July 2018
Volume 59, Issue 9
Open Access
ARVO Annual Meeting Abstract  |   July 2018
Transcriptome landscape of early lens development
Author Affiliations & Notes
  • Salil Anil Lachke
    Department of Biological Sciences, University of Delaware, Newark, Delaware, United States
    Center for Bioinformatics and Computational Biology, University of Delaware, Newark, Delaware, United States
  • Atul Kakrana
    Center for Bioinformatics and Computational Biology, University of Delaware, Newark, Delaware, United States
  • Archana D Siddam
    Department of Biological Sciences, University of Delaware, Newark, Delaware, United States
  • Irfan Saadi
    Department of Anatomy and Cell Biology, University of Kansas Medical Center, Kansas City, Kansas, United States
  • Deepti Anand
    Department of Biological Sciences, University of Delaware, Newark, Delaware, United States
  • Footnotes
    Commercial Relationships   Salil Lachke, None; Atul Kakrana, None; Archana Siddam, None; Irfan Saadi, None; Deepti Anand, None
  • Footnotes
    Support  NIH/NEI R01 EY021505
Investigative Ophthalmology & Visual Science July 2018, Vol.59, 894. doi:
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    • Get Citation

      Salil Anil Lachke, Atul Kakrana, Archana D Siddam, Irfan Saadi, Deepti Anand; Transcriptome landscape of early lens development. Invest. Ophthalmol. Vis. Sci. 2018;59(9):894.

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      © ARVO (1962-2015); The Authors (2016-present)

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Abstract

Purpose : Transcriptome analysis of early lens development has been performed using microarray analysis. However, microarray-based expression profiling, while effective, is limited by the number of probes and prior sequence knowledge. Therefore, microarrays do not comprehensively inform on the full repertoire of coding and non-coding RNA in a given cell or tissue type. To address this deficit, we generated high-throughput RNA-sequencing (RNA-seq) data from early through late stages of mouse embryonic lens to identify new transcripts with potential function in lens development.

Methods : New paired-end RNA-seq data was generated from mouse lens at embryonic stages E10.5, E12.5, E14.5 and E16.5. A meta-analysis was performed whereby these new RNA-seq data were analyzed in the context of previously generated publicly available mouse lens RNA-seq profiles at embryonic (E15.0, E18.0) and post-natal (P0, P3, P6 and P9) stages. The analysis was performed using standard tools such as TopHat (for mapping reds), Cufflink, Cuffmerge, and Cuffnorm (fpor transcript assembly, merging, and normalization). A pipeline was developed to identify stage-specific transcripts and transcripts that are differentially expressed transcripts between different lens stages.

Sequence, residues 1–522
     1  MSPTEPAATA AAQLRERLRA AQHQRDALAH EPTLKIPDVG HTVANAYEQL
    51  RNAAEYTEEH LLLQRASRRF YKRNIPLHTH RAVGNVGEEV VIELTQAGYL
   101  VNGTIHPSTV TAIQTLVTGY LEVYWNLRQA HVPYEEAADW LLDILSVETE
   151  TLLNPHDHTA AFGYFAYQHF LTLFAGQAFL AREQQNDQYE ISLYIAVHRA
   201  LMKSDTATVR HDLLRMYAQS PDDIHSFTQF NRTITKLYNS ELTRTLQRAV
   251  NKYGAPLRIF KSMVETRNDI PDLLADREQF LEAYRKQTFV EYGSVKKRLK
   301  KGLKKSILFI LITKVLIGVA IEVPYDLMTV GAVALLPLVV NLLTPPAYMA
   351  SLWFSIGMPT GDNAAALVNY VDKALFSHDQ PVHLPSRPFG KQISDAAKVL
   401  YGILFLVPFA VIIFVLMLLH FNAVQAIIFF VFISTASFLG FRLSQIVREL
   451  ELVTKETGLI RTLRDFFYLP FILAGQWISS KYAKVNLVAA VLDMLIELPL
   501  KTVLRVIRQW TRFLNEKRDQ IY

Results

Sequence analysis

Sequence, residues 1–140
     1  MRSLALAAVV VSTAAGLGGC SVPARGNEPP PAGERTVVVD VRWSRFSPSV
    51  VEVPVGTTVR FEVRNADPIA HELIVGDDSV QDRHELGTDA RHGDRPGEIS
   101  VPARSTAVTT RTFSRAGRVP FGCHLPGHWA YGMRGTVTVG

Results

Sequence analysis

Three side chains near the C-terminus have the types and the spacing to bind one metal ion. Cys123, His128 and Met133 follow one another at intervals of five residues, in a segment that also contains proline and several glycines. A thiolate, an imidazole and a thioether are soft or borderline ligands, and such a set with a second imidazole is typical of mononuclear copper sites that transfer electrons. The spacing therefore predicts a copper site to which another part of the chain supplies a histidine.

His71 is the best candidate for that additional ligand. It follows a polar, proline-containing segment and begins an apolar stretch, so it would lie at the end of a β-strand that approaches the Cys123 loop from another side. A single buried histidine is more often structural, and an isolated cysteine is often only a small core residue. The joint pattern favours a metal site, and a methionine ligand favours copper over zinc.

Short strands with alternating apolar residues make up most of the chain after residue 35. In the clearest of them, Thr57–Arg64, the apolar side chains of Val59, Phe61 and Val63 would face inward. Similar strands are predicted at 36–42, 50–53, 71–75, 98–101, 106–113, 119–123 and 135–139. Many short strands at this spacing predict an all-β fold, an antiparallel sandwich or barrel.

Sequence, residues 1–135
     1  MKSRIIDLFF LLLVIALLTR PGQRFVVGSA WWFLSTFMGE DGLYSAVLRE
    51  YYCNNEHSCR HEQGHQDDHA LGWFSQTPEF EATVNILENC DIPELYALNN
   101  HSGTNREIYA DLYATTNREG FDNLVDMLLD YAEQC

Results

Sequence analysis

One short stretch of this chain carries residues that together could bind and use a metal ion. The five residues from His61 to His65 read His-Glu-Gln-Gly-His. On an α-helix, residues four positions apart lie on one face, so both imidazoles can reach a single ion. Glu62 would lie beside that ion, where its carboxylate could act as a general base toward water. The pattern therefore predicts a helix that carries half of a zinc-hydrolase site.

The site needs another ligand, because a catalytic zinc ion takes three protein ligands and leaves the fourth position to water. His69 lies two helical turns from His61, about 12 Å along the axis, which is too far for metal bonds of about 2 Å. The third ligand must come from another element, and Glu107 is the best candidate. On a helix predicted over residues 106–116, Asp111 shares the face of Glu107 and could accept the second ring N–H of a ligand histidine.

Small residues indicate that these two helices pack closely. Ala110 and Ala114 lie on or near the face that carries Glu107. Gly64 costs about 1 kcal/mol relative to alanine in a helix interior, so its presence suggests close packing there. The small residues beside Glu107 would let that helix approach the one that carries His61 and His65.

Results : We identified 1,145 million genome-mapped read-pairs from ten lens development stages. These reflected 44,939 high-confidence transcripts from 10,270 distinct loci that comprise 39,702 coding transcripts and 5,237 non-coding transcripts expressed in the lens across all these stages. The non-coding transcripts are classified – based on their position and function – as lincRNA (long intergenic RNA), lncRNA (long non-coding RNA), antisense and sense overlap, and transcripts of unknown potential. The average length and number of exons of non-coding transcripts is 799 nucleotides (nt) and 3 exons, while that of coding transcripts is 3,032 nt and 10 exons, respectively. The average open reading frame for non-coding transcripts is 157bp and for coding transcripts is 1,494bp. Finally, this analysis confirmed the high lens expression of known protein-coding genes and identified several new candidate genes in the lens.

Conclusions : These RNA-seq data define a comprehensive temporal atlas of coding and non-coding transcripts in mouse lens development. In silico subtraction of these RNA-seq datasets allows prioritization of new candidate genes with potential function in distinct stages of lens development.

This is an abstract that was submitted for the 2018 ARVO Annual Meeting, held in Honolulu, Hawaii, April 29 - May 3, 2018.

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